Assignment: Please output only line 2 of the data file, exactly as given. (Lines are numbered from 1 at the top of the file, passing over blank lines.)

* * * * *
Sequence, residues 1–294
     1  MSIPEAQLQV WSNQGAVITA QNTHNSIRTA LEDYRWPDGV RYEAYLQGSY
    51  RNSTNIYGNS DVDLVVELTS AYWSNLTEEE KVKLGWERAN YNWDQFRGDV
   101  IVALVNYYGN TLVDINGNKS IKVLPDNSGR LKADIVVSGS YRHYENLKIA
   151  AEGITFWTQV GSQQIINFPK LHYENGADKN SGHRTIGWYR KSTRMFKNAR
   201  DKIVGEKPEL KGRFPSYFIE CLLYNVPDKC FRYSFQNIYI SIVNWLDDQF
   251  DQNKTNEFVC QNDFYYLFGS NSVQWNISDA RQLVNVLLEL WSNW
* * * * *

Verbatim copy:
     1  MSIPEAQLQV WSNQGAVITA QNTHNSIRTA LEDYRWPDGV RYEAYLQGSY